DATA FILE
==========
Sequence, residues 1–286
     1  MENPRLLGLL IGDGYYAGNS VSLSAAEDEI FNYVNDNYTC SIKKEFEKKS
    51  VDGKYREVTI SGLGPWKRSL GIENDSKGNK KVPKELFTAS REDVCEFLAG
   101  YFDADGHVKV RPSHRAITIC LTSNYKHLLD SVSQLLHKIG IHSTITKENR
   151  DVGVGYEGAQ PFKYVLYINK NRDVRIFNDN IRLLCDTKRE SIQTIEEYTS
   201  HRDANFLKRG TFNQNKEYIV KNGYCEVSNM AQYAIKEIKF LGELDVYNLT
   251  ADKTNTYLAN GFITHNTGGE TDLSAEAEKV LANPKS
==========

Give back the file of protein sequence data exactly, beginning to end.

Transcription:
Sequence, residues 1–286
     1  MENPRLLGLL IGDGYYAGNS VSLSAAEDEI FNYVNDNYTC SIKKEFEKKS
    51  VDGKYREVTI SGLGPWKRSL GIENDSKGNK KVPKELFTAS REDVCEFLAG
   101  YFDADGHVKV RPSHRAITIC LTSNYKHLLD SVSQLLHKIG IHSTITKENR
   151  DVGVGYEGAQ PFKYVLYINK NRDVRIFNDN IRLLCDTKRE SIQTIEEYTS
   201  HRDANFLKRG TFNQNKEYIV KNGYCEVSNM AQYAIKEIKF LGELDVYNLT
   251  ADKTNTYLAN GFITHNTGGE TDLSAEAEKV LANPKS